This week is an anniversary for a Native-American community in Arizona. The Havasupai Tribe celebrated Blood Victory Day earlier this week in remembrance of their legal victory over Arizona State University's Board of Regents. The Havasupai have lived deep within the Grand Canyon for centuries, but the story of this case begins in the 1990s.
Why do we crave love so much, even to the point that we would die for it? To learn more about our physical need for romantic love, Helen Fisher took MRIs of people in love — and people who had just been dumped.
Four tech giants, including Apple and Google, settled a class action lawsuit on Thursday - 64,000 workers claimed the companies conspired to hold down salaries. The plaintiffs will reportedly receive over $300 million, far short of what they were seeking.
It's easy to find goat milk and goat cheese in Vermont. Goat meat, not so much.
That's frustrating for the refugees, immigrants and others who've settled in the state who are accustomed to eating fresh goat meat. Though it's not so common in the U.S., it's a mainstay in many African, Asian and Caribbean diets.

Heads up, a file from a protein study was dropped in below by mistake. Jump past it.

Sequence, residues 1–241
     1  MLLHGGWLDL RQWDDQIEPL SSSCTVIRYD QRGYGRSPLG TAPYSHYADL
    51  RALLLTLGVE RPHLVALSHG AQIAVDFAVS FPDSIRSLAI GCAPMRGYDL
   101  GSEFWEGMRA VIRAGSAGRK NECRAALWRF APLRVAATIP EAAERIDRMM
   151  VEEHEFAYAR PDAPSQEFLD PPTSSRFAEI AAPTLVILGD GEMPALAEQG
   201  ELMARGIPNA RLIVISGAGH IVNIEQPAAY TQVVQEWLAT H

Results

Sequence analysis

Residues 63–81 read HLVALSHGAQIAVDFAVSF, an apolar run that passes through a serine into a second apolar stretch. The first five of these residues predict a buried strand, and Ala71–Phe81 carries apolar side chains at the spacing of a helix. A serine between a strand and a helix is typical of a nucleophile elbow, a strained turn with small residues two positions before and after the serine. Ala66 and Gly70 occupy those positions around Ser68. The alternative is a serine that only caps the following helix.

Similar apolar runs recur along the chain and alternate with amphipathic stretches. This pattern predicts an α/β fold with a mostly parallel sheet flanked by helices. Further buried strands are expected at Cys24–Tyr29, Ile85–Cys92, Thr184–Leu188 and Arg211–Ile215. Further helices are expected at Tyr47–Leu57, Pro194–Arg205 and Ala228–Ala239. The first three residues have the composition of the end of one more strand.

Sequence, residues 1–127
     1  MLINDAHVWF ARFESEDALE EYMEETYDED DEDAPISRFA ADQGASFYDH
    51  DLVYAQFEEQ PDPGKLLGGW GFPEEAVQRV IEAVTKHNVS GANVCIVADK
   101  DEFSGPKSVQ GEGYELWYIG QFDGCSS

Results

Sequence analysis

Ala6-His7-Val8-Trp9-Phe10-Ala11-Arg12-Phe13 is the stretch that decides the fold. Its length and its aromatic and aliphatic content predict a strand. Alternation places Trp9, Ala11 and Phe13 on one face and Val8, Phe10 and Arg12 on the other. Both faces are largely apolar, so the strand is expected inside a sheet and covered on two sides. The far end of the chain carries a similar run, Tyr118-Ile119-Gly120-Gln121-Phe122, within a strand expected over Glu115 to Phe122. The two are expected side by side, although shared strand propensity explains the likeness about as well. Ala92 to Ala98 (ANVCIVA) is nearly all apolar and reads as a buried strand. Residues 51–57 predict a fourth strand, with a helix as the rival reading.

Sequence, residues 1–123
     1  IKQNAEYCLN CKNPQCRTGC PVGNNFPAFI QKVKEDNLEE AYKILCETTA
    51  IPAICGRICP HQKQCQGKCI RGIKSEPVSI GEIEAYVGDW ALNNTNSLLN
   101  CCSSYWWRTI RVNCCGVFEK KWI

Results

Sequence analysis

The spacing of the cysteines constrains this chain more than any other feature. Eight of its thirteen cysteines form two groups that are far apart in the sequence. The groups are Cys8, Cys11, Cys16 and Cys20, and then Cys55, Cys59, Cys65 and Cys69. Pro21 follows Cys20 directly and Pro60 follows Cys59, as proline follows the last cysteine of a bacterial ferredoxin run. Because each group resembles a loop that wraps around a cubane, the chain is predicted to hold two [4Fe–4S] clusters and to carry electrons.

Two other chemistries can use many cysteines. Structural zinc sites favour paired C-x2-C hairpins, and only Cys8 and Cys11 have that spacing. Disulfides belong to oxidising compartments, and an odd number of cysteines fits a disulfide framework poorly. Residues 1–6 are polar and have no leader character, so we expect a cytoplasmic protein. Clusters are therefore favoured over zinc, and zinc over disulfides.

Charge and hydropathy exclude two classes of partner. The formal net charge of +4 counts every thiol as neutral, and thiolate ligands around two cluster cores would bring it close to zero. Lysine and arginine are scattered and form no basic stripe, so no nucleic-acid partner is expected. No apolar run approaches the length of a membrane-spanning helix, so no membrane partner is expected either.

But there's a movement afoot to meet the demand for goat meat throughout New England.
Originally published on Thu April 24, 2014 6:02 pm
A February accident at a nuclear waste dump that resulted in the contamination of 21 workers resulted in part from "poor management, ineffective maintenance and a lack of proper training and oversight," a Department of Energy report concludes.
NPR's Geoff Brumfiel says the report, released Thursday, says the release of radioactive material into the environment from the Feb. 14 accident at the underground Waste Isolation Pilot Plant near Carlsbad, N.M., could have been prevented. The facility is a repository for defense-related nuclear waste.
Google, Intel, Facebook and many other tech giants are pooling their money together — for the first time — to fix a glaring hole in cybersecurity. They're launching a multimillion-dollar fund to protect open-source code — the code that anyone can use for free, and that often gets overused and underprotected.
For more reaction, we turn to the person credited with coining the term net neutrality. Tim Wu is a law professor at Columbia University. He says if the proposed changes go into effect, consumers can expect prices to rise.
TIM WU: Companies like Netflix, companies that - like Amazon that rely on not paying cable and telephone companies to reach consumers will have to pay. And therefore it will end up costing the consumer more.